As part of a project designed to sow ideas, grow inspiration and cultivate futures, 300 London schools are growing their own picnic this summer and their reward could be a £500 voucher from GardenSite.
Whether it's a bleak December or the more mild weather we are becoming used to, you can still spend useful time in the garden during the last month of the year. David Coton suggests some garden jobs that can occupy the short days.
Continue to collect leaves from the lawn and brush them off paths. Stuff the leaves into black bags, fold over (don't tie), spike the bags to aid drainage and put aside. The result after six months will be leaf mould, great for potting or as a soil improver.
Transplant shrubs that have overgrown their current location. After deciding on an alternative position, dig in plenty of organic matter and move the shrub making sure it retains a large root ball. As always water well and, if we are suffering a dry period, continue to do so until the shrub is established.
If you are given a poinsettia for Christmas, use a slow-release fertilizer to keep the bracts that lovely shade of red. Keep them warm and moist in a light position, away from hot radiators. For information on poinsettias and other seasonal plants, read our blog on Christmas Plant Care.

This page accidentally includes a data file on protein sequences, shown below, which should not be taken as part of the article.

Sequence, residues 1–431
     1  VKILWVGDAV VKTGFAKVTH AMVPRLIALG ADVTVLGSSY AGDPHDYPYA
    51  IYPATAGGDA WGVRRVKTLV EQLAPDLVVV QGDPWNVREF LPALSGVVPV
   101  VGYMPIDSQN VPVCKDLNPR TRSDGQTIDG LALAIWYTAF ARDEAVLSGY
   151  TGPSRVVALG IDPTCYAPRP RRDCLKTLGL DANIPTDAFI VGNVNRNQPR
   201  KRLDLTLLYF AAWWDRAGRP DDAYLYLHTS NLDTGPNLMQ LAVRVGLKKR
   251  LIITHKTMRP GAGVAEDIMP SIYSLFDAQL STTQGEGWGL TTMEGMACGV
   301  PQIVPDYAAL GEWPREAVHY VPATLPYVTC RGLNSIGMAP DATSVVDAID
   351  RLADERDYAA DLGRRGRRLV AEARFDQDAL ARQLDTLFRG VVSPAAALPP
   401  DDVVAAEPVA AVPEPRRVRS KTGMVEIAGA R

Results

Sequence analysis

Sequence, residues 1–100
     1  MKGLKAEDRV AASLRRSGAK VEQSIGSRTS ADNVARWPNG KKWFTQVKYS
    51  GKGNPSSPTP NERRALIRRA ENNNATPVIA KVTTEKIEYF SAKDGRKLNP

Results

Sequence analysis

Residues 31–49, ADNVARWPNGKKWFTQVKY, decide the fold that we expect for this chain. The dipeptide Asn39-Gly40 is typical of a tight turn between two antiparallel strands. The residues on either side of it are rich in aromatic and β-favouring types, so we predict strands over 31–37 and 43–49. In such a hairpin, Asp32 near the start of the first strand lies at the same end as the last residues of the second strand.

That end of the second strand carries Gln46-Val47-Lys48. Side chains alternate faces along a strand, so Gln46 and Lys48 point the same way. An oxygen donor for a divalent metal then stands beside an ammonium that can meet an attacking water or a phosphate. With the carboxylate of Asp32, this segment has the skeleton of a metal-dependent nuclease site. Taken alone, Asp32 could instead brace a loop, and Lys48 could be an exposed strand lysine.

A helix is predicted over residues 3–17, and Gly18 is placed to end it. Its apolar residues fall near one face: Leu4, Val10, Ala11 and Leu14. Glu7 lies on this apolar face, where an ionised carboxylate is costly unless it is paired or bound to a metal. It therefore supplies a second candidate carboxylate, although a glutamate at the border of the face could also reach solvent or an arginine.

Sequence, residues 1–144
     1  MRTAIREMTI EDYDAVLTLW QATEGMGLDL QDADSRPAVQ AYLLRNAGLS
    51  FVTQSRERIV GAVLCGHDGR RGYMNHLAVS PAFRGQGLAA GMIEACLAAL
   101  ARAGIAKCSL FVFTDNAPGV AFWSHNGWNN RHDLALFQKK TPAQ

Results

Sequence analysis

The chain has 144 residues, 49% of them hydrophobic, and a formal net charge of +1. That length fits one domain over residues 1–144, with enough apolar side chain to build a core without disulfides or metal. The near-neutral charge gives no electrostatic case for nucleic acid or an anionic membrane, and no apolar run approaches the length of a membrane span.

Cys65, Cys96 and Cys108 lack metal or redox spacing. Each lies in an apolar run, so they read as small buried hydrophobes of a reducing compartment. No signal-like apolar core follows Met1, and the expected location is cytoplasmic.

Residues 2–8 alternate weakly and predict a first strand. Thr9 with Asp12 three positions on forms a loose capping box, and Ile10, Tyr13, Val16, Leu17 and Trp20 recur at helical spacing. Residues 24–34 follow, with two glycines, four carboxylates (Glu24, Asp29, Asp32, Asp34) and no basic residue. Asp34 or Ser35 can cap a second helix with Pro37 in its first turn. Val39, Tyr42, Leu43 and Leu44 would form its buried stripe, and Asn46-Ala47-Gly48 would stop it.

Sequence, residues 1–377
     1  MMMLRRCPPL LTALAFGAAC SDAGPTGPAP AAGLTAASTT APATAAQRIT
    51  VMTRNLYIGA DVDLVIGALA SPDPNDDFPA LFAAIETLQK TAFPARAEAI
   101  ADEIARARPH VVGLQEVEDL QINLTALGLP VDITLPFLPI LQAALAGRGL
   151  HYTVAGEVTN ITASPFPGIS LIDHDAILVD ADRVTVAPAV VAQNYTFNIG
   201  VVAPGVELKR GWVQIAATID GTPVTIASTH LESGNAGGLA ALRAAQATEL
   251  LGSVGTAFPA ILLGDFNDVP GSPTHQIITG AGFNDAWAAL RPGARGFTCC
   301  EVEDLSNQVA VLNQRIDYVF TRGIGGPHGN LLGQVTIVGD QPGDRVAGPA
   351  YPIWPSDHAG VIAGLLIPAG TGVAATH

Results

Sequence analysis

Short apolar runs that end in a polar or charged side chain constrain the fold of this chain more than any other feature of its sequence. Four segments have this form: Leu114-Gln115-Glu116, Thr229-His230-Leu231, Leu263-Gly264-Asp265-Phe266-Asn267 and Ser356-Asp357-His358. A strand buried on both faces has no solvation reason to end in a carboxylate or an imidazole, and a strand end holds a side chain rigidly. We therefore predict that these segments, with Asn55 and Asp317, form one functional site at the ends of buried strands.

Carry on pruning overgrown hardy shrubs such as forsythia, exochorda and hazel, this will keep them in good shape and also encourage new growth next year. After cutting the stems back hard, especially the oldest ones if you have neglected pruning in the past, new buds will soon appear.
Firm in shallow rooted trees and shrubs to avoid wind rock that loosens and lifts roots, especially if they have been recently planted. You should have finished pruning roses by now so that should help their stability. Hardy climbers can still be pruned before they are caught by heavy winds.
Propagate perennials such as phlox, verbascum and acanthus that have fleshy roots. Pick them out of the parent plant, cut into 3ins lengths and place into gritty compost. Cover with 1½ ins of compost and leave in a warm position but don't allow to dry out before new growth shows through in the spring.
Remove old and diseased fruit that has fallen from or has remained on trees, it could be the source of infection and should be thrown away. Put yellowing brassica leaves on the compost heap. Mulch fruit trees to suppress weeds and improve the soil. Make sure that any netting, cloches and other protective measures, as well as tree ties and stakes, are secure.
Gooseberry and currant plants can be pruned as well as outdoor grape vines. Start storing carrots, turnips and beetroot if it looks as though the ground will be frozen. Continue to plant bear rooted fruit trees and bushes. Divide rhubarb and re-plant with plenty of manure in a position that isn't likely to get waterlogged.
In the greenhouse, make sure everything is tidy and clean, removing all the plants that have fruited to be composted. Check and wash the glazing, removing any dirt and algae to enable the maximum amount of light to penetrate. Remember to insulate the greenhouse with bubble wrap if plants are overwintering in there, you can also use it to prevent frost damage to plants left outside.